Editor's note: In celebration of Pioneer Day, the Deseret News asked for recipes that have been passed down in a family. This is one of them.
Anyone visiting my kitchen would know I love recipes and food. I have a large cabinet completely dedicated to recipe books, housing thick tomes, index cards and scribbled-on scraps of paper. But among all these volumes a very ragged tan book holds a place of honor. This is the Cornaby Family Cookbook, a compilation of recipes from aunts, uncles, cousins, grandparents and great-grandparents — recipes tried, true and delicious, many of which have been passed down over many generations.
While I doubt there is a bad recipe in the bunch, one of the best is Mom Taylor's Rich Sweet Rolls recipe. From my great-grandmother, it's a rich yeasty dough that can be used for both dinner rolls and decadent desserts. I learned to make this recipe when I was only 7 or 8 and will teach my little girl one day. Until then, she's happy to help with the eating.
RICH SWEET ROLLS
2 tablespoons yeast
½ cup warm water (about 103 degrees)
1½ cups lukewarm milk
¾ cup butter
¾ cup sugar (for dinner rolls use ¼ to ½ cup)
2½ teaspoons salt
6-7 cups bread flour
Bloom yeast in warm water with a pinch of sugar. Warm milk and combine with butter and sugar. Add 2 cups of flour to cool. Add yeast mixture and eggs and beat well. Add salt and enough more flour to make a soft dough. Cover and let rise for 10 minutes. Knead by hand or machine for 10 minutes until surface is smooth.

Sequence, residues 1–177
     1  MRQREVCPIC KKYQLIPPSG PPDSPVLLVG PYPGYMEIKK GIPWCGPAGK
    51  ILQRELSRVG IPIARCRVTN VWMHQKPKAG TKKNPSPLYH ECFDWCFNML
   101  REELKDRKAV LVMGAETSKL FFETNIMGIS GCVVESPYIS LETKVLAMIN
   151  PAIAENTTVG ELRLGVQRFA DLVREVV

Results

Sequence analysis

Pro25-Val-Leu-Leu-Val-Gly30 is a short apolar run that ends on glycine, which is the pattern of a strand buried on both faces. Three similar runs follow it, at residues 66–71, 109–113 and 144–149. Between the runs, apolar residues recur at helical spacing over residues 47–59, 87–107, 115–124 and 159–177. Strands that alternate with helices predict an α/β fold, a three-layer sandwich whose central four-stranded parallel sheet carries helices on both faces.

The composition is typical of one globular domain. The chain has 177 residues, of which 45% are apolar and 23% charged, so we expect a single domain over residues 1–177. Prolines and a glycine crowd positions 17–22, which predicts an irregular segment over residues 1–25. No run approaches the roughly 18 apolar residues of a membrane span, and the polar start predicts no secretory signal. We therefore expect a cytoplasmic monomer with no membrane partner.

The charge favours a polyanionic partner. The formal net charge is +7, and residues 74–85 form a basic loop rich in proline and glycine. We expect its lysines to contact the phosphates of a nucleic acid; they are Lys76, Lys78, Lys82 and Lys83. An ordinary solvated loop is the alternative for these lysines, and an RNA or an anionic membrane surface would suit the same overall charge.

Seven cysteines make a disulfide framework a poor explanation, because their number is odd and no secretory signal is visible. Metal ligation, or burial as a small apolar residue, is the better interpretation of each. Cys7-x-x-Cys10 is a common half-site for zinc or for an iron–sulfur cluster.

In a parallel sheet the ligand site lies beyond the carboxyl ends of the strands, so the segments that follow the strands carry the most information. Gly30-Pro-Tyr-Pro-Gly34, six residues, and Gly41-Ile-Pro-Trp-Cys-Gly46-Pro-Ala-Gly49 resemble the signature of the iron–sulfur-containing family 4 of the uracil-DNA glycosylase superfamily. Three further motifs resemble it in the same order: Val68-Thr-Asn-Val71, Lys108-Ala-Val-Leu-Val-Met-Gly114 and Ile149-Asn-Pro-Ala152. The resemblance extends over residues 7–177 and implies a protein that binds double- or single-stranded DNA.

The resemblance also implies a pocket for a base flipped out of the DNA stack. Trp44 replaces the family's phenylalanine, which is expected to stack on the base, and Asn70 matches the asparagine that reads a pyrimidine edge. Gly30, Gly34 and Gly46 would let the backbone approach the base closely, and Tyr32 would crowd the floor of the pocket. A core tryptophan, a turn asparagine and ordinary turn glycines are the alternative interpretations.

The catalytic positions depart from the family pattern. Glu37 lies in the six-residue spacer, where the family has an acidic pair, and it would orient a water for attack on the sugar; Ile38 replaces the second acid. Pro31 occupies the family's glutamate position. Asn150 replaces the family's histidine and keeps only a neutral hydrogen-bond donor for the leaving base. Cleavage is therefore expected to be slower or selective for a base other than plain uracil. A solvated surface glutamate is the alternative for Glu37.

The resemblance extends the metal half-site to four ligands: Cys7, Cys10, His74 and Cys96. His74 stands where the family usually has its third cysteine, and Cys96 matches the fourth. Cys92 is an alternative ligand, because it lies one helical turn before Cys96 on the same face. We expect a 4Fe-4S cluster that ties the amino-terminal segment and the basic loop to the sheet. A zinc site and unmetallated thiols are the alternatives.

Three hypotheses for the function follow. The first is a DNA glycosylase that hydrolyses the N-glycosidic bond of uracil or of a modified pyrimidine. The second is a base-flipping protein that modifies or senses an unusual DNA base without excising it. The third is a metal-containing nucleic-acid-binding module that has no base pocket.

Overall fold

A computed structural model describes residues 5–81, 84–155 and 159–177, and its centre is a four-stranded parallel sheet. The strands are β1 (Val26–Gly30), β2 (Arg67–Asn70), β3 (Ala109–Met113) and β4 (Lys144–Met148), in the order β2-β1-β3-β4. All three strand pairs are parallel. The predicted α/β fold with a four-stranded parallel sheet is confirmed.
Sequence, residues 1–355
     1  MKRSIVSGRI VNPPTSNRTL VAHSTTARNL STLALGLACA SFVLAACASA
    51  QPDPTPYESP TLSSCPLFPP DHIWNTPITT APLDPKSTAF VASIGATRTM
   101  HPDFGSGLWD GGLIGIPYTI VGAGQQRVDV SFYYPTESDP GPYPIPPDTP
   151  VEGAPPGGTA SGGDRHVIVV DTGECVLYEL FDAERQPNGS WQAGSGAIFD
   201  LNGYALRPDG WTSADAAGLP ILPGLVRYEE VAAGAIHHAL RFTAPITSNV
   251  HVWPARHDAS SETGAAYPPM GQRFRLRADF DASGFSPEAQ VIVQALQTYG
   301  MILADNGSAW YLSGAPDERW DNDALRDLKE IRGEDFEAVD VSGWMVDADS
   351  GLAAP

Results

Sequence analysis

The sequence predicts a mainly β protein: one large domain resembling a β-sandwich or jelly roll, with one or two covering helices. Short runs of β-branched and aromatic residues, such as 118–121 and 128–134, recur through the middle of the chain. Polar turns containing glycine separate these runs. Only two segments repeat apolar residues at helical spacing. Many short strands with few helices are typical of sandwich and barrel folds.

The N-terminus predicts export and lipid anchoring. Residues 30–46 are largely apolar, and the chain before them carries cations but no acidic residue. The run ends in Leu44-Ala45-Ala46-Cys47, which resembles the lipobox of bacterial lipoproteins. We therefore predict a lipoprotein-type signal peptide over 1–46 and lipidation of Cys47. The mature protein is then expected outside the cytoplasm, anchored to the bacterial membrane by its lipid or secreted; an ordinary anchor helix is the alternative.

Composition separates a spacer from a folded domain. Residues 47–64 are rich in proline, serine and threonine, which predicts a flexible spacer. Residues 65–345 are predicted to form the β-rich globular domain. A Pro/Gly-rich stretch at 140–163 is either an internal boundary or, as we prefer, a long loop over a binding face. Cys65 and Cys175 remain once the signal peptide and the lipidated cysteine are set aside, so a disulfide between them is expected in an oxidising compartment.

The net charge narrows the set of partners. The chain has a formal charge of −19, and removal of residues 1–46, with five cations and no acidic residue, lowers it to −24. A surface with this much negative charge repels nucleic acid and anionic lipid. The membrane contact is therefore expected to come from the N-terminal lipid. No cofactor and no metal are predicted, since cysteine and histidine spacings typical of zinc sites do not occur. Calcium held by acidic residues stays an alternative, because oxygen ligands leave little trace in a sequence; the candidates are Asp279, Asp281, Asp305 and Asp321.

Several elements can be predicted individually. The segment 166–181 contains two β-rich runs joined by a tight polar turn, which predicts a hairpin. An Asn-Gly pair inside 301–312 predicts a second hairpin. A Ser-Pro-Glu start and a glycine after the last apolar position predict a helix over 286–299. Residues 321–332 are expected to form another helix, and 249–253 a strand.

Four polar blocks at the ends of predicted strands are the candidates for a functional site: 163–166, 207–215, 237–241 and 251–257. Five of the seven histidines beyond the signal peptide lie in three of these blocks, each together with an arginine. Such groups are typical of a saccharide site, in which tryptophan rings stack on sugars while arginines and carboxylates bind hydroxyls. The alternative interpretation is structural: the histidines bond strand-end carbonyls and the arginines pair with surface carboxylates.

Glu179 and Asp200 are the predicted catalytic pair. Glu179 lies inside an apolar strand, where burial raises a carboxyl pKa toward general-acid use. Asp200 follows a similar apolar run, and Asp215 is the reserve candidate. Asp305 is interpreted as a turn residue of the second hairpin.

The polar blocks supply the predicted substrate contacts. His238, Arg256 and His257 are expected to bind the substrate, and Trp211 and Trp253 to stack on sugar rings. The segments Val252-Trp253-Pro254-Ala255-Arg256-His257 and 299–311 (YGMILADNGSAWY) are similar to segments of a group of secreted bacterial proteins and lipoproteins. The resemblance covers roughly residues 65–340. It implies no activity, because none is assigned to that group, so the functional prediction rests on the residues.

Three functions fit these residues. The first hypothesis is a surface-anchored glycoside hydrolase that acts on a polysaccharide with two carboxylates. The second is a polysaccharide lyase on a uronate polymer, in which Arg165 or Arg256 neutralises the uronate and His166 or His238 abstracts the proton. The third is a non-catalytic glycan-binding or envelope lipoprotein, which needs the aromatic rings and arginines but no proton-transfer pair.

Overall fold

Place in oiled bowl; cover and let rise until slightly more than double in bulk. Roll as desired, then let rise until doubled. Bake dinner rolls at 400 degrees and larger filled rolls at 375 degrees. Yield: About 3 dozen dinner-size rolls, 2 dozen larger rolls.
Serve dinner rolls with jam or honey. Top sweet rolls with a powdered sugar glaze or cream cheese icing.
— Mom Taylor
Jana Brown is a cook, writer, wife and mother. She has been cooking for nearly 35 years. She blogs at kitchenwitchesblog.com. Twitter: janastocks